#MarchForOurLives IS Positive Deviance

This weekend students, parents, educators, and community members all over the country stood up for their rights to feel safe in school as part of the #MarchForOurLives movement. In all of the hashtags, videos, speeches, posters, the things that stands out the most is how incredibly inspiring this generation is.

As parents and educators we are all trying to prepare children to become happy, healthy, and engaged contributors to our democratic country. So what does #MarchForOurLives have to do with early education and care?  Parents – here is where you might be surprised. We practice lockdown drills in preschool and child care. That’s right. Your child’s teacher practices hiding in the classroom and keeping your toddler quiet and happy in case the unthinkable happens. Our most innocent citizens are practicing safety drills for events that most adults cannot wrap their minds around.

There are so many things that we can point to as contributing factors to these tragic events and the problems facing schools these days. Mental health, trauma exposure, our nation’s opioid epidemic, social media, and unlimited access to information. But blame solves nothing. Instead we must act. Many of the recent news stories point to gun control and immediate fixes such as increasing school security. These efforts only provide comfort in the short term that we are doing something to keep our children safe. This is much needed. But what about the long term? That’s when mental health or social and emotional development come into play. The ideal time to teach these skills? Early!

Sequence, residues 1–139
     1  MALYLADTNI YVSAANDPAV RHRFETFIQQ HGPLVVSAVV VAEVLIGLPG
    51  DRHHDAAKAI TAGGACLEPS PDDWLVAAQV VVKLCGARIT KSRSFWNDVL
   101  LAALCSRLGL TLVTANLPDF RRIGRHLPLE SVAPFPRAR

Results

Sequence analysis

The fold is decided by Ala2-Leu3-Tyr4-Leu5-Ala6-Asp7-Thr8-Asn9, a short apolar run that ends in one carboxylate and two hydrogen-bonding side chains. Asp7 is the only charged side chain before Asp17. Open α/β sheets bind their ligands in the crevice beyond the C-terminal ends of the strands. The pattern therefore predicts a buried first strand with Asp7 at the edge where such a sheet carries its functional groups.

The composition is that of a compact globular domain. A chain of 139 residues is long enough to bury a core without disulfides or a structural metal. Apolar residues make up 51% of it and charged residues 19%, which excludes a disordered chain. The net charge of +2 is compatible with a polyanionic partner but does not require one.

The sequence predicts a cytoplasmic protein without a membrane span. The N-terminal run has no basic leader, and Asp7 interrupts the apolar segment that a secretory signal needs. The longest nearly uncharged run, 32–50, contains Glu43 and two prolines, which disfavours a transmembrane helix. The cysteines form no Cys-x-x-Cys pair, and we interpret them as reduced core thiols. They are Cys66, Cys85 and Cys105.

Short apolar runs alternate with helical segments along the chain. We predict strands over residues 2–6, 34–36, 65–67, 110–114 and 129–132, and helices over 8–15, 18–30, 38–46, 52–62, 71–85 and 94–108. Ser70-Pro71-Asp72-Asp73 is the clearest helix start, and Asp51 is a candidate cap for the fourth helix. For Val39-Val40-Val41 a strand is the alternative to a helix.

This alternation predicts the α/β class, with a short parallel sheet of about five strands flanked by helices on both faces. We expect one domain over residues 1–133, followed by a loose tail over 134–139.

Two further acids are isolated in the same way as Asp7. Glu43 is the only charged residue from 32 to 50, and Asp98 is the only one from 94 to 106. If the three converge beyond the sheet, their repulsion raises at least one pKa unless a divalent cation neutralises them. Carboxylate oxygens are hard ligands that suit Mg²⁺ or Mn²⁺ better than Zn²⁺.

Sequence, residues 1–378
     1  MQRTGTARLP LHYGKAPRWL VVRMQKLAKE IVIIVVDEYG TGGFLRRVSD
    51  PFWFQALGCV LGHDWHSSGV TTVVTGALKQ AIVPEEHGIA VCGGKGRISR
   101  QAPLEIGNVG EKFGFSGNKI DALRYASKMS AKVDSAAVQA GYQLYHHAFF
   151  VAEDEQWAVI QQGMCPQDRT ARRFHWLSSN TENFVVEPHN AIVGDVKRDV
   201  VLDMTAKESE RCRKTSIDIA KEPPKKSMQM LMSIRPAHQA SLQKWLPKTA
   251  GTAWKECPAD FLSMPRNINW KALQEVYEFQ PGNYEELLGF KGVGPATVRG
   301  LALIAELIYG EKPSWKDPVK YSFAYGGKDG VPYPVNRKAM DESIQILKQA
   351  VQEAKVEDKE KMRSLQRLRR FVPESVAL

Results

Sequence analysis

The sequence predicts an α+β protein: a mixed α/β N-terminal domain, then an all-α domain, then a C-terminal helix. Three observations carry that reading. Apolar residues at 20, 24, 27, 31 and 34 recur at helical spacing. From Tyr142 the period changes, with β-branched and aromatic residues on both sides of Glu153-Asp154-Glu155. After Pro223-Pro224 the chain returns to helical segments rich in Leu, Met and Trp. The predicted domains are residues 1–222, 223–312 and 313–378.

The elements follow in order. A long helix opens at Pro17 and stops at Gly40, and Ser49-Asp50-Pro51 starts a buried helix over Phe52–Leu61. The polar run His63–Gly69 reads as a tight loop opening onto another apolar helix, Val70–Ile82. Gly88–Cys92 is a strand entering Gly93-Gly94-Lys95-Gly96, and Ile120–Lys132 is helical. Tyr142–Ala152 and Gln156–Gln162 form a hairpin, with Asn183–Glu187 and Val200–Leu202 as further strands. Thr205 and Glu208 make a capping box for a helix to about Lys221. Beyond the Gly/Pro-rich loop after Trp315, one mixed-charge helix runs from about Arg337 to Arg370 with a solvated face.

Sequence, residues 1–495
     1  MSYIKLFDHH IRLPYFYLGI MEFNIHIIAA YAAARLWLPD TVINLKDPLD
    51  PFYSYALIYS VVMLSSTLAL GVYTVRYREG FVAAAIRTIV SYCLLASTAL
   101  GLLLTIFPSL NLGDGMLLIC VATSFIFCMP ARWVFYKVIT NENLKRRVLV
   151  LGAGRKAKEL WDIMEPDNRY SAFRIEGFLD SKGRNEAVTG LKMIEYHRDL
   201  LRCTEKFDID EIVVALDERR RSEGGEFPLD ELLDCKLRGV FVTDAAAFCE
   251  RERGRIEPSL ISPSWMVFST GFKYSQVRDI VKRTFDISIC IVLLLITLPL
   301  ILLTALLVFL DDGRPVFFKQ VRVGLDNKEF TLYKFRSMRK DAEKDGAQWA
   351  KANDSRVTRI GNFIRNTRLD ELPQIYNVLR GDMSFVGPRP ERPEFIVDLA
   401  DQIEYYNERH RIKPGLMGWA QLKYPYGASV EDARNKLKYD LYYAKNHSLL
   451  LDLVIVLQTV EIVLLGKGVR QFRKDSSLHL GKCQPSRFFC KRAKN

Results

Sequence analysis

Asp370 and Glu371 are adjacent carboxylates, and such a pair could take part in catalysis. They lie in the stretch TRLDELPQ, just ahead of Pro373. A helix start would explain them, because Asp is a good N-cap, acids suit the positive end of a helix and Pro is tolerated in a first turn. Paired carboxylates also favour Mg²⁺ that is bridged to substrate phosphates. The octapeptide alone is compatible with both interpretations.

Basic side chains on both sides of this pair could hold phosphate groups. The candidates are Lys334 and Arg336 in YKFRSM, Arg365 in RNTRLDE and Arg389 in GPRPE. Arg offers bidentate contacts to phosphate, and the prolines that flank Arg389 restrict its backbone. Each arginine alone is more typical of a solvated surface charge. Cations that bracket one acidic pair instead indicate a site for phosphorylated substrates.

Early educators truly understand the importance of teaching social and emotional skills to young children. The future lies in the hands of our current infants, toddlers, and preschoolers. Research shows that 90% of the brain is fully developed by age five. (Building the Brain, letsgrowkids.org). Early educators practice a multitude of different teaching philosophies that can all contribute positive influences on children. But one aspect that almost every early educator can agree on is that supporting children to develop their Emotional Intelligence is of one of the most important.